A rash can also be itchy. Tell your doctor or nurse if you have a skin rash. They can prescribe medicine to stop the itching and soothe your skin.

You may have a rash similar to acne on your face, neck and trunk.  A skin reaction happens in 1 out of 4 people (25%) taking brentuximab. 
 

Numbness or tingling in fingers and toes can make it difficult to do fiddly things such as doing up buttons. This starts within a few days or weeks and can last for a few months. Rarely, the numbness may be permanent.

Tips

  • Keep your hands and feet warm.
  • Wear well fitting, protective shoes.
  • Take care when using hot water as you may not be able to feel how hot it is and could burn yourself.
  • Use oven gloves when cooking and protective gloves when gardening.
  • Moisturise your skin at least a couple of times a day.
  • Take care when cutting your nails.

This happens in around 4 out of 10 people (40%) taking brentuximab. 

Occasional side effects

Each of these effects happens in more than 1 in 100 people (1%). You might have one or more of them.

Cancer treatment can cause the level of red blood cells to fall (anaemia). This makes you breathless and look pale.

Red blood cells contain haemoglobin, which carries oxygen around the body. When the level of red blood cells is low you have less oxygen going to your cells.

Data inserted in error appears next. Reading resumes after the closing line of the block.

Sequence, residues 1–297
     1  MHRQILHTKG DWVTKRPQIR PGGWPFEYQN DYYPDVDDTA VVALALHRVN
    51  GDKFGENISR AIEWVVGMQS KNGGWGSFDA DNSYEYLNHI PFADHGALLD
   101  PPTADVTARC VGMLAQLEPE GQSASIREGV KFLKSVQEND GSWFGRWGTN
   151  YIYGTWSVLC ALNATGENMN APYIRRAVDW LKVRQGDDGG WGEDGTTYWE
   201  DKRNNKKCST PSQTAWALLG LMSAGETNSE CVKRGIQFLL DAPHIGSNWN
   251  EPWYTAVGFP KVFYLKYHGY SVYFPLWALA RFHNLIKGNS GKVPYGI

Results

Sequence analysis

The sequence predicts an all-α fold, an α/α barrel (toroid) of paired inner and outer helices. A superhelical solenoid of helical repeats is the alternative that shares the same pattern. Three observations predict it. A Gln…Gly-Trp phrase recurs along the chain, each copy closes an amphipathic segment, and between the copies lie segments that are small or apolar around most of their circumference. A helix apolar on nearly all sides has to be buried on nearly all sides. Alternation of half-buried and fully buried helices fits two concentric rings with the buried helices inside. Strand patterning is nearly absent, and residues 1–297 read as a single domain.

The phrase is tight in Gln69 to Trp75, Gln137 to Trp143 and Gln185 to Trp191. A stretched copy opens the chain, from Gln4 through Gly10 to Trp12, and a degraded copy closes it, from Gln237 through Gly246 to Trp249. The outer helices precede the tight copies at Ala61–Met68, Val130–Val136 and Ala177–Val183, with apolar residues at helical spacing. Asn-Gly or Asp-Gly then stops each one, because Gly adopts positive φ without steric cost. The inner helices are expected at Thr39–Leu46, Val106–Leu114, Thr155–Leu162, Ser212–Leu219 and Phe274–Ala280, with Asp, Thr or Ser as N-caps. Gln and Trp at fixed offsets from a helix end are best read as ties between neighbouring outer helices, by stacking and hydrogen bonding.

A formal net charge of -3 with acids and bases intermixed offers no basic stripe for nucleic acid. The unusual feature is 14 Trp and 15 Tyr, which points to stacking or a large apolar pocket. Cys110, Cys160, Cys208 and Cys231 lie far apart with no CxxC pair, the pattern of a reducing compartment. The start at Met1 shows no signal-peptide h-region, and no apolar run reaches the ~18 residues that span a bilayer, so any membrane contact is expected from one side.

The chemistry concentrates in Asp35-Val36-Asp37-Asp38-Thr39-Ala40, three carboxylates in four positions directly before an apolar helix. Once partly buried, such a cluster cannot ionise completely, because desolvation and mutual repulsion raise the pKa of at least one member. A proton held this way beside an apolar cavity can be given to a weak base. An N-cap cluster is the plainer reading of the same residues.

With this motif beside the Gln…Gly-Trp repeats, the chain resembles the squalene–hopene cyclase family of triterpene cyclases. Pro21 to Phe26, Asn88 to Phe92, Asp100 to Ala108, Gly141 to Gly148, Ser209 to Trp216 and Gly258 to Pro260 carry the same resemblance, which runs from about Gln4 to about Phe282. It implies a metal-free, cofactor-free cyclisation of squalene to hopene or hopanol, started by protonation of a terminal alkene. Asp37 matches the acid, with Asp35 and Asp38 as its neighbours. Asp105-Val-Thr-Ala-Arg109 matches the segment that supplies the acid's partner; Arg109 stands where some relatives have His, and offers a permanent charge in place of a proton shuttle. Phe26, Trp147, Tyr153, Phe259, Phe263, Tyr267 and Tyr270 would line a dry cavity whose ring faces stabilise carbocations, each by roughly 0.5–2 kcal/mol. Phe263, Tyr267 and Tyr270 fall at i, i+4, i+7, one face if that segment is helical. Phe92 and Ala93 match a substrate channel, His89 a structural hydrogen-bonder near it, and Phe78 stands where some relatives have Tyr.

You can also feel tired and depressed when your blood count is low and feel better once it is back to normal. The levels can rise and fall during your treatment. So it can feel like you are on an emotional and physical roller coaster.

You have regular blood tests to check your red blood cell levels. You might need a blood transfusion if the level is very low. After a transfusion, you will be less breathless and less pale.

Tell your doctor or nurse if you feel breathless.

You might notice you:

  • bruise more easily
  • have nosebleeds
  • have bleeding gums when you brush your teeth

This is due to a drop in the number of platelets that help clot your blood.

If your platelets get very low you may have lots of tiny red spots or bruises on your arms or legs called petechiae.

Tell your doctor or nurse straight away if you have petechiae.

You'll have a platelet transfusion if your platelet count is very low. It is a drip of a clear fluid containing platelets. It takes about 15 to 30 minutes. The new platelets start to work right away. 

You might have liver changes that are usually mild and unlikely to cause symptoms. They usually go back to normal when treatment finishes. You have regular blood tests to check for any changes in the levels of chemicals produced by the liver.